More Than “Okay”
Star-crossed and star-filled, “The Fault in Our Stars” is sure to bring tears to your eyes.
The movie adaption does justice to the New York Times Bestselling novel of the same name by John Green. Using its beautiful plot line and witty banter, it gives the audience a heart-wrenching ride on the “roller coaster that only goes up.”
The story begins with cancer patient Hazel Grace Lancaster (Shailene Woodley, “Divergent”) attending a cancer support group after her parents encouraged her to get out more. There, she meets Augustus Waters (Ansel Elgort, “Carrie”) and the journey begins.
The two share a love of literature, so Hazel introduces Gus to her favorite book, “An Imperial Affliction.” They bond over the abrupt ending, and decide to contact the author Peter Van Houten (Willem Dafoe, “The Grand Budapest Hotel”) to find out what happens to their beloved characters.
Woodley and Elgort have incredible chemistry, feeding off each other’s emotions and portraying a love deeper than a simple teen fling. Viewers are sure to put hands over their hearts and reach for tissues during the couple’s captivating scenes. Their abilities and strengths as actors are a large part of what makes this film so emotionally charged.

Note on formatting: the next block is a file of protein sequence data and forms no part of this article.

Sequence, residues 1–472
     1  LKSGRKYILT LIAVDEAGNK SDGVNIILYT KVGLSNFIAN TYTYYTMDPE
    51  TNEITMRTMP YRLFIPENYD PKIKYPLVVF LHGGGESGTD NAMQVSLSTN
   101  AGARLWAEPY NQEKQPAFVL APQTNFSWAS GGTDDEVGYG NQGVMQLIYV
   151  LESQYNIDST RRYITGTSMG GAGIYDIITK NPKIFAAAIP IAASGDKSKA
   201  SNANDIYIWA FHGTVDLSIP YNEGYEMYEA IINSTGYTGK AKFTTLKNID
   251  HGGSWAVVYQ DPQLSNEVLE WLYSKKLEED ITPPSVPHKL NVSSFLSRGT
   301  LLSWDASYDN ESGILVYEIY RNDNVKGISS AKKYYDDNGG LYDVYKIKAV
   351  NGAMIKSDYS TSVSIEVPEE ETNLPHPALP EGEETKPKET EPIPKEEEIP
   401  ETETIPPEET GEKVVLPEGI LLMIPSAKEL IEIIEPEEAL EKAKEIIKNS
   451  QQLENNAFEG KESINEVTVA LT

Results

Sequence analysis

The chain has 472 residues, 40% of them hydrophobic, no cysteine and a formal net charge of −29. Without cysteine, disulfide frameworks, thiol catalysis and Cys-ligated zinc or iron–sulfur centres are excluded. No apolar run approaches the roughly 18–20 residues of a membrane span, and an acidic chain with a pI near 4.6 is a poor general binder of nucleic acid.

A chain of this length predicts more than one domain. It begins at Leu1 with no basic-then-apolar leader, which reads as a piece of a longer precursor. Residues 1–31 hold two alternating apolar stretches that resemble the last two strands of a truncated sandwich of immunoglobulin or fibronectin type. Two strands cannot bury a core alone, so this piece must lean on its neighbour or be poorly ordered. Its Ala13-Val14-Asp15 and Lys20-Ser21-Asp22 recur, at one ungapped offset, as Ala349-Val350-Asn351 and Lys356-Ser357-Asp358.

Fans of the novel will not be disappointed. The film’s writers, Scott Neustadter and Michael H. Weber, stuck closely to the book’s themes and plot, even pulling dialogue straight from its pages. Only some parts of the book were left out and no large plot lines were added in. Even so, a downfall of the film was the incredibility of Hazel’s sickness. Woodley sometimes looked a little too healthy to be a cancerous “grenade,” as Hazel calls herself.
However, Director Josh Boone (“Stuck in Love”) did a great job of illustrating the struggle of having a terminal illness. This is best portrayed in the scenes at the Anne Frank House. Hazel and Augustus tour the historic site, but Hazel has trouble climbing the steep flights of stairs leading to the attic. Hazel’s labored breathing is interwoven with quotes from Anne Frank’s diary played throughout the museum. Her perseverance mirrors Anne’s, showing that Hazel should try to be happy during a dreadful time.
This highly anticipated film adaption is sure to be a hit. “The Fault in Our Stars” will leave viewers happy to be so sad. Its romantic themes, funny one-liners, and powerful message keep the crowd captivated and satisfied, even when they are touching up their make-up in the bathrooms afterward.
3 stars out of 4. MPAA Rating PG-13. Runtime 125 minutes.